There are plenty of implications for contemporary identity politics, with more in-depth studies of the relationship between language use and the construction and display of sexual identities being necessary. Other issues include problems with identity and identification, as well as the materialisation of desire and power.

Sex positivity is not normal. Or at least it does not appear to be, with many associating being ‘sex positive’ with being ‘liberal’, or even, being HIV-positive. There is often a misalignment with cultural and religious values for sex-positive people, with sex often being presented as something abnormal and immoral (huffpost). Often, when sex is openly talked about, it is presented as unhealthy and irresponsible, with women bearing the brunt of sex-negativity manifested as “slut-shaming”.

With reference to Judith Butler’s performativity theory and Michael Billig (1999) analysis of the categorisation scheme in Cameron & Kulick (2003)’s Language and Sexuality,

“a radical refusal to identify with a given position suggests that on some level identification has already taken place, an identification that is made and disavowed”


“every prohibition implies its opposite”

telling someone not to act like a slut (as is often done by authority figures both at home and in the public domain) provides the person with information both about how sluts act and how normal, respectable women act. Language constitutes reality by reproducing the categorisation scheme in relation to which she must position herself, and one way this can be observed is through the presentation of subordinated, sex-positive women through linguistic marking, with the ‘sex-positive woman’ but not the ‘sex-positive man’, alongside the unmarked dominant groups, where being white/male/straight/sex-positive is the default standard for being human.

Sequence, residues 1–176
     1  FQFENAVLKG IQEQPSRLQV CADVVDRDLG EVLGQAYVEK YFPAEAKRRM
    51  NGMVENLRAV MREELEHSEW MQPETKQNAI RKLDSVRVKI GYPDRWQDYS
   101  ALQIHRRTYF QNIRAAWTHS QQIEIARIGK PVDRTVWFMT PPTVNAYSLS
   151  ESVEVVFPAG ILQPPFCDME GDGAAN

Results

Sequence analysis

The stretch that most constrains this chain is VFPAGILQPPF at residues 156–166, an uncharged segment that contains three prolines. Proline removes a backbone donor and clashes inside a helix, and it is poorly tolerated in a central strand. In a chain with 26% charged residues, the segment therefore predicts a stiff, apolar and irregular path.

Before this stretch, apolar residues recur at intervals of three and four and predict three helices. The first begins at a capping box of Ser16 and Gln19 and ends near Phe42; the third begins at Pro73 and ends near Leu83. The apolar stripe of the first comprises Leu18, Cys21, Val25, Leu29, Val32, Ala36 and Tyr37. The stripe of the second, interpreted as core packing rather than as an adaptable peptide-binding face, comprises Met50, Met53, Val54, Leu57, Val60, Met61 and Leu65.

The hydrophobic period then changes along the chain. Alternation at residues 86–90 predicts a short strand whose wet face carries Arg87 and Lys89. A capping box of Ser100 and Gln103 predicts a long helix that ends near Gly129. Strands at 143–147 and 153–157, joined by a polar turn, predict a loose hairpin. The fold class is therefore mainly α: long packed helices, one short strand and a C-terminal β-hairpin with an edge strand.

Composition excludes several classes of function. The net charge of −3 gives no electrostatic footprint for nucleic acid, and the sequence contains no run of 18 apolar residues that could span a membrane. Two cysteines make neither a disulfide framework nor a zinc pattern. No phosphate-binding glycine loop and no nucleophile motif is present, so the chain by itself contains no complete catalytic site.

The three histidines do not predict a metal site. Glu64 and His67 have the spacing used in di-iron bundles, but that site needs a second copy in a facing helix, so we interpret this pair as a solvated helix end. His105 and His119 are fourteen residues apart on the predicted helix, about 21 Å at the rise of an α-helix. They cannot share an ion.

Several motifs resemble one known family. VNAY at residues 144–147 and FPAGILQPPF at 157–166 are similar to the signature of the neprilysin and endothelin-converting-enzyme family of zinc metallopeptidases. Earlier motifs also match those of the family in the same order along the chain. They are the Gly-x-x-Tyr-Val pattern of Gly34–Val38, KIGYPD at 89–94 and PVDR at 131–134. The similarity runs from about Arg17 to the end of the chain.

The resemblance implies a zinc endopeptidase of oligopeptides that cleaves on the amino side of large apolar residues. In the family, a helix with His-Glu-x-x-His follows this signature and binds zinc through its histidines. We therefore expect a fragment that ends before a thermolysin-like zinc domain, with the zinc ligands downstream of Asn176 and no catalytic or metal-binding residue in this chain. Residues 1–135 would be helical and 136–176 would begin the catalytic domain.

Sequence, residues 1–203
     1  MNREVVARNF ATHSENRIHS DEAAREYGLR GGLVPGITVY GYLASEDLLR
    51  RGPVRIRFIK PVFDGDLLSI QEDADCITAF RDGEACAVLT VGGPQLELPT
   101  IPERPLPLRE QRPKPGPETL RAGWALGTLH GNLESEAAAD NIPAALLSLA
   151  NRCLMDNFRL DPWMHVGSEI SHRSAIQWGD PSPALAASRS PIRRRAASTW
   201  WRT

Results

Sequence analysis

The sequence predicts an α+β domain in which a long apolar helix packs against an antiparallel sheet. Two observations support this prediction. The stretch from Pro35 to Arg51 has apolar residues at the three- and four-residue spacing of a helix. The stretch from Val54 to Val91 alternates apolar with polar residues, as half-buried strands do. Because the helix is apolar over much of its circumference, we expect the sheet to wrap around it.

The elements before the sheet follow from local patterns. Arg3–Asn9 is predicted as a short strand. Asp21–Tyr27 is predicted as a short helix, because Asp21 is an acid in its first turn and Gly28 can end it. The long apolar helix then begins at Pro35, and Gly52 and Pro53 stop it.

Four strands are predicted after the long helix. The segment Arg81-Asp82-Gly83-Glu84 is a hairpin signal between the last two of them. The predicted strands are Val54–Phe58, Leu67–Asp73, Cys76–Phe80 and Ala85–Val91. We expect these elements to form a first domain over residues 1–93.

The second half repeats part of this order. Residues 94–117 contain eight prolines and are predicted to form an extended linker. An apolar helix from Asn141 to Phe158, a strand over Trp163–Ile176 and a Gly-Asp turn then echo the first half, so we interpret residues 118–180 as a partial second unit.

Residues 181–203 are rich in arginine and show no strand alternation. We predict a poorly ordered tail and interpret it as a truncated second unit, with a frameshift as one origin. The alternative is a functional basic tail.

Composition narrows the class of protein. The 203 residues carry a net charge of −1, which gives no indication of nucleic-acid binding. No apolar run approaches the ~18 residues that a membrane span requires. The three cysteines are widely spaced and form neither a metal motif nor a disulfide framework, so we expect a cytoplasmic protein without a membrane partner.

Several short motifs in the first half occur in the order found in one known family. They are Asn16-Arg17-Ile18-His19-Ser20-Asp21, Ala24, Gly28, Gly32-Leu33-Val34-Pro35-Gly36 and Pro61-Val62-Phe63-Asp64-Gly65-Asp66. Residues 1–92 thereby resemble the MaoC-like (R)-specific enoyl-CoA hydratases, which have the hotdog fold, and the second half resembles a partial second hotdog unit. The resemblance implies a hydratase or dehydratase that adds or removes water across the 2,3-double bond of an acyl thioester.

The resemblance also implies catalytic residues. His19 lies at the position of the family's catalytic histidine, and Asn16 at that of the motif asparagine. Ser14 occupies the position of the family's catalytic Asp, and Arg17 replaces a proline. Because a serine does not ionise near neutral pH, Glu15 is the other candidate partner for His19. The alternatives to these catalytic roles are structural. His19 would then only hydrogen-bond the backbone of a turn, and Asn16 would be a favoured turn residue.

Another implication of sex-positivity is the materialisation of desire and power, or in other words, how desire and power is communicated in sexual relationships. Desire is materialised and conveyed through semiotic resources, with Penelope Eckert (2002)’s explanation of there being a structured variation in people’s use of the social semiotic of desire, wherein people are socialised to desire different things, and to express desire in different ways. This is especially so in the mainstream understanding of femininity and masculinity, in particular heterosexual femininity.

Following Eckert’s understanding of the development of heterosexual femininity as a desire to be seen as age-appropriate so as to gain and keep the acceptance and respect of other girls within their peer groups, promiscuity is likely associated with maturity, in cultures exposed to sex-active messages. In extending Billig’s analysis of the categorisation scheme, the marked status of ‘sex-positive people’ and ‘the sex positive woman’ in particular results in greater socialisation of ‘sex-positivity’, with ‘promiscuity’, which may or may not be acceptable and appropriate in certain societies.

It remains hard to say whether sex-positivity perpetuates heteronormativity, as sex-positivity also includes acceptance toward other sexual orientations. It is important for the study of language and sexuality to continue developing its comparative and cross-cultural dimension.